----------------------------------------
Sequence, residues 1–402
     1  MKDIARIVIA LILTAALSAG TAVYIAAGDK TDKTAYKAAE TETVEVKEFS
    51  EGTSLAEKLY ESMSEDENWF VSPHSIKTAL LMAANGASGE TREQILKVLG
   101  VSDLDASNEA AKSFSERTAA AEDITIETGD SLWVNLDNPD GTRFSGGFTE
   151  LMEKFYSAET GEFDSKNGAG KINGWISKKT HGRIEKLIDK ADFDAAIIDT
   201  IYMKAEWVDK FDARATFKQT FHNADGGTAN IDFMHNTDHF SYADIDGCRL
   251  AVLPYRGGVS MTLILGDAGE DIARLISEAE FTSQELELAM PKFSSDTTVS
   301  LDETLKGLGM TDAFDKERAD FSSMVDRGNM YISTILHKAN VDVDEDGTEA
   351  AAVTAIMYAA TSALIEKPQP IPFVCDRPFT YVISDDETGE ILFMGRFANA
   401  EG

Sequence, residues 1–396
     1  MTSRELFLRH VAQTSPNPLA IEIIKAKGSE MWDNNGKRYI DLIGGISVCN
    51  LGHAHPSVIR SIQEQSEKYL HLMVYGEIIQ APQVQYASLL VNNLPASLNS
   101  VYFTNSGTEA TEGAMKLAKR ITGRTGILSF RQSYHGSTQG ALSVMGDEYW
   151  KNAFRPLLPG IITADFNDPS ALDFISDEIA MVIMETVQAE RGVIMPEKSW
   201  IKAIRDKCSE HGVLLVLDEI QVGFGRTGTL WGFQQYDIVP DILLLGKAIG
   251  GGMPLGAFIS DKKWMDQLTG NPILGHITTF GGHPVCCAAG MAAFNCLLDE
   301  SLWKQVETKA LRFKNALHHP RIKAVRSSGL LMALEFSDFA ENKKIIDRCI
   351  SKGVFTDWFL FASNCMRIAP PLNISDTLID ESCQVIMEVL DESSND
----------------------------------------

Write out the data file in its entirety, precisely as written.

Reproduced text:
Sequence, residues 1–402
     1  MKDIARIVIA LILTAALSAG TAVYIAAGDK TDKTAYKAAE TETVEVKEFS
    51  EGTSLAEKLY ESMSEDENWF VSPHSIKTAL LMAANGASGE TREQILKVLG
   101  VSDLDASNEA AKSFSERTAA AEDITIETGD SLWVNLDNPD GTRFSGGFTE
   151  LMEKFYSAET GEFDSKNGAG KINGWISKKT HGRIEKLIDK ADFDAAIIDT
   201  IYMKAEWVDK FDARATFKQT FHNADGGTAN IDFMHNTDHF SYADIDGCRL
   251  AVLPYRGGVS MTLILGDAGE DIARLISEAE FTSQELELAM PKFSSDTTVS
   301  LDETLKGLGM TDAFDKERAD FSSMVDRGNM YISTILHKAN VDVDEDGTEA
   351  AAVTAIMYAA TSALIEKPQP IPFVCDRPFT YVISDDETGE ILFMGRFANA
   401  EG

Sequence, residues 1–396
     1  MTSRELFLRH VAQTSPNPLA IEIIKAKGSE MWDNNGKRYI DLIGGISVCN
    51  LGHAHPSVIR SIQEQSEKYL HLMVYGEIIQ APQVQYASLL VNNLPASLNS
   101  VYFTNSGTEA TEGAMKLAKR ITGRTGILSF RQSYHGSTQG ALSVMGDEYW
   151  KNAFRPLLPG IITADFNDPS ALDFISDEIA MVIMETVQAE RGVIMPEKSW
   201  IKAIRDKCSE HGVLLVLDEI QVGFGRTGTL WGFQQYDIVP DILLLGKAIG
   251  GGMPLGAFIS DKKWMDQLTG NPILGHITTF GGHPVCCAAG MAAFNCLLDE
   301  SLWKQVETKA LRFKNALHHP RIKAVRSSGL LMALEFSDFA ENKKIIDRCI
   351  SKGVFTDWFL FASNCMRIAP PLNISDTLID ESCQVIMEVL DESSND